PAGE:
Can I ever be successful as a Philosophy student? – OurWarwick

Can I ever be successful as a Philosophy student?

It’s always the unsaid words that say the most. The sympathetic nod when somebody asks you what you are studying and you say ‘Philosophy’. It feels like I spent my entire first year being told jokes which implied that I’ll never amount to anything, with underlying implications that my subject is graded purely on the level of ‘deep’ I can achieve in a conversation. I personally find it quite funny. My favourite joke was one my friend told me yesterday:

Friend: “I met up with a Philosophy graduate in Starbucks the other day” Me: “Oh yeah, how was it?” Friend: “Great. I told him I’ll have a venti mocha frappuccino with extra cream” (Yeah this one took me a while to understand).

With the overwhelming number of maths/economics/science students you meet at Warwick, it’s no surprise that something like “oh…” is the natural reaction to a subject that’s quite different from the norm. However, this doesn’t mean to say it’s useless. Recently, more employers are starting to value the transferable skills that Philosophy provides students with, including self-motivation (a lot of which is needed to focus on the task at hand without going off on a tangent), and the ability to identify, absorb and sift through complex information, which is particularly difficult when you come out of a 10am lecture only having understood the word ‘the’.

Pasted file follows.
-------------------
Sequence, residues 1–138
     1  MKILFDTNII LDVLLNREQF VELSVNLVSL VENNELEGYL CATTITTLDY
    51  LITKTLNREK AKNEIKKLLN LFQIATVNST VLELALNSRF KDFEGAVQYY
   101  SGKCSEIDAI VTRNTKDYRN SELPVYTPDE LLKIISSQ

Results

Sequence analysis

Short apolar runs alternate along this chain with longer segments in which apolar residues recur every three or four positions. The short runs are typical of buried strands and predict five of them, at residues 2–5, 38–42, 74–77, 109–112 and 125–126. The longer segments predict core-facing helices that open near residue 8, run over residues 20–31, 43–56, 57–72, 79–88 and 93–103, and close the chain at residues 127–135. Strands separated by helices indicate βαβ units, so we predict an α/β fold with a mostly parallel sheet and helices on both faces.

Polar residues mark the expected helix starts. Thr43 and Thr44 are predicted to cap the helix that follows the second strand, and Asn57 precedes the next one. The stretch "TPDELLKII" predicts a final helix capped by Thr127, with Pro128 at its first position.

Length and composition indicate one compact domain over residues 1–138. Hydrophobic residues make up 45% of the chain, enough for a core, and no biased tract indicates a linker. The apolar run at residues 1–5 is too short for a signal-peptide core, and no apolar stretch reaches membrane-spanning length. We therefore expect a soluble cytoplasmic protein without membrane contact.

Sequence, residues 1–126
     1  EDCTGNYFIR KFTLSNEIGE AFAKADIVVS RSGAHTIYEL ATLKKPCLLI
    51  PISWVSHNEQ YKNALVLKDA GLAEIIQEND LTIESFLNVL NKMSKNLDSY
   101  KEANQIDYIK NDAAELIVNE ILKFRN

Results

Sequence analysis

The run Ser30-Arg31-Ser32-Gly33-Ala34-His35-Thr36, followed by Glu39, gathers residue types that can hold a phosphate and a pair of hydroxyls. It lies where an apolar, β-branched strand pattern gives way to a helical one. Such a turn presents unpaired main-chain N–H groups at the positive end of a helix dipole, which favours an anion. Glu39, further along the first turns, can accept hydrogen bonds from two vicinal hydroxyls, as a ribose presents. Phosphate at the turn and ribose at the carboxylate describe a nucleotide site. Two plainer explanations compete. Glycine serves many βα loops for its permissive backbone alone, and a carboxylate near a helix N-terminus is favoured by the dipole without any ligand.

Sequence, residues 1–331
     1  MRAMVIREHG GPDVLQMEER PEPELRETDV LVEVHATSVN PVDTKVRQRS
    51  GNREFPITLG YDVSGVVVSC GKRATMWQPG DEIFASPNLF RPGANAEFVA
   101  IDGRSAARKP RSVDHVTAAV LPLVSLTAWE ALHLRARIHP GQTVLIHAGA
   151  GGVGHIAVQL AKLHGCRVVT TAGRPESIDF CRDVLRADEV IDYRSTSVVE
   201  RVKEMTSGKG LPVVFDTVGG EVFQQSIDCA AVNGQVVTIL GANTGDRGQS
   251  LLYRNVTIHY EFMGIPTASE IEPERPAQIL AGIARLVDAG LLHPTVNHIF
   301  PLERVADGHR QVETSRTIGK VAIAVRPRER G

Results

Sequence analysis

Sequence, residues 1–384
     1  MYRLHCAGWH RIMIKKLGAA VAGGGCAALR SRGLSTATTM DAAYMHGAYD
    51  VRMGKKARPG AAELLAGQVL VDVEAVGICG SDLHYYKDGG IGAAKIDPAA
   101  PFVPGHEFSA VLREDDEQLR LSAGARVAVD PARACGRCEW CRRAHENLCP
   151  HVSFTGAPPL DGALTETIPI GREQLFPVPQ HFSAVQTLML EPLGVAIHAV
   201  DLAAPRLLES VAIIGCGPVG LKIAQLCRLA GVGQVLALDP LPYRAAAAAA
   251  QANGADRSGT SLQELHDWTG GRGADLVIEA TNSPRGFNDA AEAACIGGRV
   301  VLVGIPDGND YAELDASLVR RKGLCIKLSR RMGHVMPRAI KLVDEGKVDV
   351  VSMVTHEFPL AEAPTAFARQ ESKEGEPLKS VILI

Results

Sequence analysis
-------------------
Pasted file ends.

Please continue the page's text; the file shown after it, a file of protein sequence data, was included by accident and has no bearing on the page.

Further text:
So if the worry of studying philosophy is that you won’t get anywhere with it, it is more than achievable. As long as you are enjoying the subject, it doesn’t matter what anybody says about it. My advice would be to just not listen to the people around you telling you that you’re studying a useless subject, and when thinking about aspirations, aim for a career that you want to do. Or, if like me you don’t really know what you want to do, aim to do big things in whatever. There are so many options that you probably haven’t even considered doing yet, or have already ruled out as a career because you think it will be unattainable for you. A lot of jobs nowadays don’t even require a specific degree. A few weeks ago, I was lucky enough to be chosen to do a week of work experience with Channel 4, even though I have no experience with media whatsoever – apart from social media, which I’m not really sure counts. I had no idea why I applied other than it seemed cool, and it turned out to be extremely enjoyable and is now a career path I am definitely considering. It really made me realise that I could do anything I set my mind to (except I probably can’t be a cardiothoracic surgeon like on Grey’s Anatomy which is a shame).

A lot of the time, it’s your mentality stopping you from achieving greater things. You will have a job eventually, contrary to popular opinion. The only thing that can get in the way of that is you. Also, don’t be put off by people around you who seem to have known since birth what career they want to do, because everybody is on their own path and it’s completely fine to still not know what you want to be.

– Leyla

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